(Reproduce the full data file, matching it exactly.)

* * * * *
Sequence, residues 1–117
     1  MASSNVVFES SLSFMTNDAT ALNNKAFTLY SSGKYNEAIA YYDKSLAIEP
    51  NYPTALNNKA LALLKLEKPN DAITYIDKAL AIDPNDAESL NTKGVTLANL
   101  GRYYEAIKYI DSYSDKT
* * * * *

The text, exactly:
Sequence, residues 1–117
     1  MASSNVVFES SLSFMTNDAT ALNNKAFTLY SSGKYNEAIA YYDKSLAIEP
    51  NYPTALNNKA LALLKLEKPN DAITYIDKAL AIDPNDAESL NTKGVTLANL
   101  GRYYEAIKYI DSYSDKT